Category Archives: philosophy

How Mengzi came up with something better than the Golden Rule – Aeon

Eric Schwitzgebel is professor of philosophy at the University of California, Riverside. He blogs at The Splintered Mind and is the author of Perplexities of Consciousness (2011) and A Theory of Jerks and Other Philosophical Misadventures (2019).     There’s … Continue reading

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CRITICAL THINKING – Cognitive Biases: Anchoring [HD]

 

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how to do nothing

enny Odell Follow Jun 30, 2017 · 44 min read This is the transcript of a keynote talk I gave at EYEO 2017 in Minneapolis. An adapted version appears in my book, How to Do Nothing: Resisting the Attention Economy. I’d like to start off … Continue reading

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Mary’s Room: A philosophical thought experiment

Imagine a neuroscientist who has only ever seen black and white things, but she is an expert in color vision and knows everything about its physics and biology. If, one day, she sees color, does she learn anything new? Is … Continue reading

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Would you opt for a life with no pain?

Imagine if you could plug your brain into a machine that would bring you ultimate pleasure for the rest of your life. The only catch? You have to permanently leave reality behind. Hayley Levitt and Bethany Rickwald explore Robert Nozick’s … Continue reading

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Andy Clark – Virtual Immortality

Closer To Truth Published on 2 Jan 2019 Virtual immortality is the theory that when the fullness of our mental selves can be uploaded with first-person perfection to non-biological media, then when our mortal bodies die our mental selves will … Continue reading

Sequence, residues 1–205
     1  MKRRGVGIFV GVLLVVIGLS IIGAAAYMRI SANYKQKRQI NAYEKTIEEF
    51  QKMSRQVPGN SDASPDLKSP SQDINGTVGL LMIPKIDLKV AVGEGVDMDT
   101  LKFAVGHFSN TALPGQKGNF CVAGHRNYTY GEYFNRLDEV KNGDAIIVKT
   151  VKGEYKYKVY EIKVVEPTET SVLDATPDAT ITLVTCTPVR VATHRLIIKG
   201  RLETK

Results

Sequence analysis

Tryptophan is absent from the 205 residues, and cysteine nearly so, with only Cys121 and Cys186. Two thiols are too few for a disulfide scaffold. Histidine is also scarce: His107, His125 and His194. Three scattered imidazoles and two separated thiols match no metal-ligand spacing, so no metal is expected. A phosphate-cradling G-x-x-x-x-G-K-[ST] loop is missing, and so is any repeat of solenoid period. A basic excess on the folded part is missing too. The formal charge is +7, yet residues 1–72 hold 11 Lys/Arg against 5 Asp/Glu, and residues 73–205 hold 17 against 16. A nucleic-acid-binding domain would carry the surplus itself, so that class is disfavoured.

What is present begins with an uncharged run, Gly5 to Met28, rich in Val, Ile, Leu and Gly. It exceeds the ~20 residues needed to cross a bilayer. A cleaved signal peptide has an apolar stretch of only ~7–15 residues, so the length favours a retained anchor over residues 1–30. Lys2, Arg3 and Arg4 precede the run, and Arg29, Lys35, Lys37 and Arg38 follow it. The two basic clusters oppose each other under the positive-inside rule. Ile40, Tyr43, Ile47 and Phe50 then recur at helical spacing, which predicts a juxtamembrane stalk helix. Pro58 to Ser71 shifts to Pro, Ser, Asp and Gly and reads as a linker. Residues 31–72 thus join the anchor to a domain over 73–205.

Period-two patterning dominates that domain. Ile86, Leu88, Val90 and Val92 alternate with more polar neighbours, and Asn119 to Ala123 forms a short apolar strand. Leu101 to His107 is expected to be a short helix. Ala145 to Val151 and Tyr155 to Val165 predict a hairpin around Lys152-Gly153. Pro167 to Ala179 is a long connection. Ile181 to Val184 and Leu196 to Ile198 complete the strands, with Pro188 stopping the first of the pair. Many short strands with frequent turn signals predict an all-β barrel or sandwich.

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In defence of disorder – Aeon

The Buddhist monks from Namgyal monastery in India engage in a ritual that involves the creation of intricate patterns of coloured sand, known as mandalas. As large as three metres across, each mandala requires a couple of weeks of painstaking … Continue reading

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The most groundbreaking scientist you’ve never heard of – Addison Anderson

TED-Ed Published on 1 Oct 2013 View full lesson: http://ed.ted.com/lessons/the-most-gr… Seventeenth-century Danish geologist Nicolas Steno earned his chops at a young age, studying cadavers and drawing anatomic connections between species. Steno made outsized contributions to the field of geology, influencing … Continue reading

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Kant & Categorical Imperatives: Crash Course Philosophy #35

CrashCourse Published on 15 Nov 2016 Our next stop on our tour of ethics is Kant’s ethics. Today Hank explains hypothetical and categorical imperatives, the universalizability principle, autonomy, and what it means to treat people as ends-in-themselves, rather than as … Continue reading

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HISTORY OF IDEAS – Wabi-sabi

At the heart of Japanese philosophy and wisdom lies a concept called ‘wabi-sabi’; a term which denotes a commitment to the everyday, the melancholic, the somewhat broken and the imperfect. It’s a term we need a lot more of in … Continue reading

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